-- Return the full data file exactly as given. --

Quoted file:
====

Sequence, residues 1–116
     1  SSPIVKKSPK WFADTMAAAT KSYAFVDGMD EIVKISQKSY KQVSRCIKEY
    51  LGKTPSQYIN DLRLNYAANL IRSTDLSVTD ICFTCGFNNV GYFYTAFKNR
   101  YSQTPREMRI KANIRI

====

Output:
Sequence, residues 1–116
     1  SSPIVKKSPK WFADTMAAAT KSYAFVDGMD EIVKISQKSY KQVSRCIKEY
    51  LGKTPSQYIN DLRLNYAANL IRSTDLSVTD ICFTCGFNNV GYFYTAFKNR
   101  YSQTPREMRI KANIRI